Exhibitions Archive

This archive includes past Cooper-Hewitt exhibitions dating back to 1975. Earlier exhibitions, including those set as early as the 1930s when the Museum was the Cooper Union Museum for the Arts of Decoration, are being compiled and will be added at a future date. The Museum is currently closed for renovation, scheduled to re-open in 2014.

Past exhibitions can also be explored online through exhibition catalogs and related publications in our collection of historical publications.

Color Light Surface: Contemporary Fabrics

On View: Tuesday, April 3, 1990 to Sunday, September 23, 1990

An exhibition devoted to the fabrics of the 1980s. Metallics, pleating, and puckering feature among the 150 textiles on view.

textiles, textile design, textile printing, fabrics, wallcoverings, floor coverings, 1980s, exhibitions

Views of Rome: Drawings and Watercolors from the Collection of the Biblioteca Apostolica Vaticana

On View: Tuesday, August 8, 1989 to Sunday, October 29, 1989

Tour Rome as it was experienced by artists between the 16th and 19th centuries. This exhibition of drawings, watercolors, and illustrated books, by both prominent and lesser-known artists, captures the changing landscape of the city and its environs. Artists, draftsmen, and architects represented in the exhibition include Ferdinand Becker, Richard Wilson, Lady Elizabeth Susan Percy. Etienne Duperac, and Cornelis van Poelenburgh.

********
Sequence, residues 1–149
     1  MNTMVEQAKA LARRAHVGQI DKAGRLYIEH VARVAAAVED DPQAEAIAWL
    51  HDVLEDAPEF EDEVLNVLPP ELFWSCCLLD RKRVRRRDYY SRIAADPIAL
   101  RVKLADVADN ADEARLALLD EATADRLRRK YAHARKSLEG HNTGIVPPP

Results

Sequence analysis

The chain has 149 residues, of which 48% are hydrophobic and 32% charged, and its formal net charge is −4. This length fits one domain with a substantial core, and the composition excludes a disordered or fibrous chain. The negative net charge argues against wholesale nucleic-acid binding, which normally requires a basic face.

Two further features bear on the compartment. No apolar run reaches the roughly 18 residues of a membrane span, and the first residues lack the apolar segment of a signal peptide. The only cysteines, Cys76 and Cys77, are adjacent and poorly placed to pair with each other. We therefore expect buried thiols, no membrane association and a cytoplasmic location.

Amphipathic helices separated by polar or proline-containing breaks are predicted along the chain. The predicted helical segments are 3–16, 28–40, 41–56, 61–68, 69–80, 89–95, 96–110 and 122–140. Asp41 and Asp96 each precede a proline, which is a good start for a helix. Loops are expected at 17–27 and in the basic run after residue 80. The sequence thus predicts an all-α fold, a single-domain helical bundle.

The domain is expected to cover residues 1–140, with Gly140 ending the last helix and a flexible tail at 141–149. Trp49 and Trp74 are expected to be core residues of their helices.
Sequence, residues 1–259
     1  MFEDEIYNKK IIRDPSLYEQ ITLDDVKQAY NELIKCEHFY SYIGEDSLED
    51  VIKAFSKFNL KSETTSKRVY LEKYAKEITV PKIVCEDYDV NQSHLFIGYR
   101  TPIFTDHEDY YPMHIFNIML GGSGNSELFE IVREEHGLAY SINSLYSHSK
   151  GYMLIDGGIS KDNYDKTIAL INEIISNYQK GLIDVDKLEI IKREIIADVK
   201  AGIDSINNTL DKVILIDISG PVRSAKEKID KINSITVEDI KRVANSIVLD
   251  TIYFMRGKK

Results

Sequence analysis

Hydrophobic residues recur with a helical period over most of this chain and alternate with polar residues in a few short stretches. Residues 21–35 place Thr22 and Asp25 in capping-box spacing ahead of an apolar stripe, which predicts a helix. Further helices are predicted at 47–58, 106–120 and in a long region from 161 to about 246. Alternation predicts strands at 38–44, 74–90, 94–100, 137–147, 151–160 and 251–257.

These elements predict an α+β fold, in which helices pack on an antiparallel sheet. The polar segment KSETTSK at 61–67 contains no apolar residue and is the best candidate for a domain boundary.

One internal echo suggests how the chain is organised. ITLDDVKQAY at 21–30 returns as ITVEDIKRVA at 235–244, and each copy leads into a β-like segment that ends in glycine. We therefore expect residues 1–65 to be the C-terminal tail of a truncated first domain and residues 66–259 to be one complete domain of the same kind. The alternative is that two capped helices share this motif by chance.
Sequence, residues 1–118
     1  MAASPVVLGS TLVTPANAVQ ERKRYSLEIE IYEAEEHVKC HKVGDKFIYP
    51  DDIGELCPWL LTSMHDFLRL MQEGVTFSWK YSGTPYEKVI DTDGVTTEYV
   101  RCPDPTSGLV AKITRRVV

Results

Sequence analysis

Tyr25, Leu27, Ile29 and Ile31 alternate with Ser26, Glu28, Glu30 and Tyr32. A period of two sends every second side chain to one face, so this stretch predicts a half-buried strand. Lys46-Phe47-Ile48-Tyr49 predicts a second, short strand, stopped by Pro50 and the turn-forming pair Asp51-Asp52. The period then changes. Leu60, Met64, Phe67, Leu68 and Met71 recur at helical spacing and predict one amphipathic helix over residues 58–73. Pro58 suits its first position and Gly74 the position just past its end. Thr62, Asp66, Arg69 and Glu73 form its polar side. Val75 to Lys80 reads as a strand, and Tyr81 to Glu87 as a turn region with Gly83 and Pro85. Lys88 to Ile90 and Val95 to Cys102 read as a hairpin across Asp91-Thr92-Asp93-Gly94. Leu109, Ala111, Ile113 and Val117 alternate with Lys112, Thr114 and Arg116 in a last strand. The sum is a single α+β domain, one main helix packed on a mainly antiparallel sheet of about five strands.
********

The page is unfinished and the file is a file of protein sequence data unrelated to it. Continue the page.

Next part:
Thomas Ashby, Rome, drawings, watercolors, Vatican, National Design Library, traveling exhibitions

Polished Perfection: The Art of Turned-Wood Bowls, the Edward Jacobson Collection

On View: Tuesday, July 25, 1989 to Sunday, October 1, 1989

This exhibition features 84 works by 21 contemporary North American craftsmen and four early American settlers, all of whom work in turned-wood. The lathe has been used by craftsmen to hew blocks of wood into functional and decorative objects for thousands of years. In the 20th century, when mechanized mass-production replaced the hand lathe, the craftsmen who persisted in turning were able to more freely explore their own aesthetic. Works on view include those by Del Stubbs, Ed Moulthrop, James Prestini, Melvin Lindquist, and Ronald Kent, among others.